At last! The UK economy is now officially back to where it was six years ago. We might have lost over half a decade’s worth of growth and increased prosperity but at least we can now look forward to the chance of getting a few more pounds in our pockets at the end of each month.
This is old news in the UK car industry, which has been bucking the trend for a while now. New car sales have been seeing huge jumps over the last few months and the latest figures from the Society of Motor Manufacturers and Traders are no exception. June saw a 6% rise in sales to 194,582, up from 182,104 in 2013. The year-to-date figures for 2014 have seen a 10% increase in the same period in 2013, meaning 105,000 extra sales in the first 6 months of the year.
So why has the car industry started recovering so quickly? After all, we’re not all entitled to a new company car every couple of years. A lot of that growth has to have come from people spending their own hard-earned money on a new car.
It never ceases to amaze me how many new cars are on the road with a ticket price of £30,000 or more. Seeing the number of expensive BMWs, Audis and Mercedes travelling around on the latest plates, you could be convinced that the recession was little more than a figment of the newspapers’ collective imagination. However, there is a simple answer to this apparent contradiction. Finance.
The days of ‘Cash is King’ are long gone. If you turn up to buy a car with a suitcase full of used £50s you’re more likely to be talked into a tempting finance package than be offered a discount. Dealers have to bolster the low margins on new cars in any way they can and a two or three year finance deal suits them nicely, while at the same time allowing the paying customer to drive away without spending all of their savings.
It’s Purchase Contract Plans in particular that have really caught on. They’ve seen an 18% leap in sales (in the year up to April) and it’s easy to see why they’re so attractive. You get to drive a new car but instead of taking out finance on the full price you’re only covering the cost of the depreciation. The downside is that you don’t fully own the car, but at the end of the deal you’re free to walk away and choose another.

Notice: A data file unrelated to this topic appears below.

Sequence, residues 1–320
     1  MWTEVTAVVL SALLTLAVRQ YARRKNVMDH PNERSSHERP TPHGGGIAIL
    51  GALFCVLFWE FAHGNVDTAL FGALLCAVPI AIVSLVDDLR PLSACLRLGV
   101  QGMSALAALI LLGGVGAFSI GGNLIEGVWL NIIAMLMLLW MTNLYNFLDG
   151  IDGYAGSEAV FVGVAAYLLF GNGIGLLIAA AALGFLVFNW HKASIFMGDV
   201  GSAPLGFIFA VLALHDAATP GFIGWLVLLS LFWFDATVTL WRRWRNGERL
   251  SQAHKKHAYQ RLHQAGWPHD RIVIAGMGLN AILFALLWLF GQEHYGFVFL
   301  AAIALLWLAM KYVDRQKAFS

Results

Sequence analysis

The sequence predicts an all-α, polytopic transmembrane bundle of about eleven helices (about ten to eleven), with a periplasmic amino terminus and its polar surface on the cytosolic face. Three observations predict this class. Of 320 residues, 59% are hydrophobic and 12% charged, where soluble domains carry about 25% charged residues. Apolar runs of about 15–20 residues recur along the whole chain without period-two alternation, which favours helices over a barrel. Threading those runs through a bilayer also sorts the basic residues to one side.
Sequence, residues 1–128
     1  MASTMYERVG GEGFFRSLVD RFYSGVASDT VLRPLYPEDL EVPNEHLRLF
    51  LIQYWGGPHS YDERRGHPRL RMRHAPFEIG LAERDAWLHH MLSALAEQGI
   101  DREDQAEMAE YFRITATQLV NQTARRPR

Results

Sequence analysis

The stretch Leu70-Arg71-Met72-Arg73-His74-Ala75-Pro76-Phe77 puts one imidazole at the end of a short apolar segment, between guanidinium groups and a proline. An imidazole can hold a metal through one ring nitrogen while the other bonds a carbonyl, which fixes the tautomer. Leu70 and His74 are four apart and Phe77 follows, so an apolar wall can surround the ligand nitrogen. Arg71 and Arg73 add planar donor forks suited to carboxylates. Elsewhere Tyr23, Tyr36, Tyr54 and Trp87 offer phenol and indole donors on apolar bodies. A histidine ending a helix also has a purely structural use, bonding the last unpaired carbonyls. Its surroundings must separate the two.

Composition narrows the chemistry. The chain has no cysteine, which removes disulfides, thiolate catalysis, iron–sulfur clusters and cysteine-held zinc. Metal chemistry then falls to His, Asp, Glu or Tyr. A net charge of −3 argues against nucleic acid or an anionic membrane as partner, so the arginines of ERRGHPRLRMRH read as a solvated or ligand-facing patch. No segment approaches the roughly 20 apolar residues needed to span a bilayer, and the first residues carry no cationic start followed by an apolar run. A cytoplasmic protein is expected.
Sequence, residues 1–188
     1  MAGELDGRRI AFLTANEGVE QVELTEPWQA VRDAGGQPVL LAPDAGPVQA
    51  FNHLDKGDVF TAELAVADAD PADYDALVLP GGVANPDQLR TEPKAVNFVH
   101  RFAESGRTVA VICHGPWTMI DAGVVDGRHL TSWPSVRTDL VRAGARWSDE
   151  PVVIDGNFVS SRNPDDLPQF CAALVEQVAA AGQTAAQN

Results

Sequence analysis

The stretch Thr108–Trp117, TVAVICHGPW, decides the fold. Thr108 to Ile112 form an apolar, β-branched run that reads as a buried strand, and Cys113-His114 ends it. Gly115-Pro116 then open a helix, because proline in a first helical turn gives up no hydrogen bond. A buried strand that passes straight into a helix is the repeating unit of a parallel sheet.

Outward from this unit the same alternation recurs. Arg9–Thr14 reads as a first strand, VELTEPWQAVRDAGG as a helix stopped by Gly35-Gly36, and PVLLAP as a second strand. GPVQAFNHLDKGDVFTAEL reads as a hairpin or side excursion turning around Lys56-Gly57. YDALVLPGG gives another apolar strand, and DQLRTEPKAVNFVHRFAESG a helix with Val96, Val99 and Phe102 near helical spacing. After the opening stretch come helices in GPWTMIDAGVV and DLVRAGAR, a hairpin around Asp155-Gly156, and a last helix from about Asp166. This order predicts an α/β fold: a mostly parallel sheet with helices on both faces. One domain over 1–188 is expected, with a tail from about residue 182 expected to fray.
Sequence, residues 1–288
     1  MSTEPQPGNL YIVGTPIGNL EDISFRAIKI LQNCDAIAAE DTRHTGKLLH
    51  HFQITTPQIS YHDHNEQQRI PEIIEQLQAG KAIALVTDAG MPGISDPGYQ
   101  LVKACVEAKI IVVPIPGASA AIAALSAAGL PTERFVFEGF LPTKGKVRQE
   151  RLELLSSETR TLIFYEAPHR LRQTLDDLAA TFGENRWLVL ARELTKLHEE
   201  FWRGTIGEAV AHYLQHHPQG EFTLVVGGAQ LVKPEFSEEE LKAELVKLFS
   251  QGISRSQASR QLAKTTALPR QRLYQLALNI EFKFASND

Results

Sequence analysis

It’s a great way of getting into a new car for less money, particularly if it’s a model that has strong second hand values. This is why the German brands always seem to be so affordable on PCP, because their desirability gives them great residual values and that means you’re covering less depreciation.
Finance isn’t all about new cars though. It’s just as valid in the used sector, but if you’ve got a bad credit history it can often be difficult to get your foot into the door of the dealer. This is where a payment box comes in handy, a device that’s making car financing a realistic option for buyers with a poor credit rating.
Clearway were one of the first companies to offer payment boxes with their finance deals and the system is proving to be popular with car buyers. The thought of fitting a box like this to a car may seem sinister to some, but if you can’t get finance by any other means this is a chance to buy a car that would otherwise have been out of your reach, while the financing company is given extra security on the loan. The payment box only makes its presence felt if you fail to keep up with the payments, at which point the finance company can remotely disable the car (not while it’s being driven, only when it’s been switched off for a length of time). As long as the payments are kept up to date it’s a win-win scenario for both sides of the agreement.
Now that the economy has picked itself up and brushed off the dust of the recession, are we likely to see a swing back in favour of cash? It seems unlikely. Dealers are understandably keen on finance packages, there are many brokers offering enticing PCP deals, and payment boxes put loans within reach of people who otherwise wouldn’t have had the option. For many of us paying off the car finance has become just another part of the monthly household budget, like the phone contract and electricity bill. Cash may once have been King, but finance is sitting on the throne now.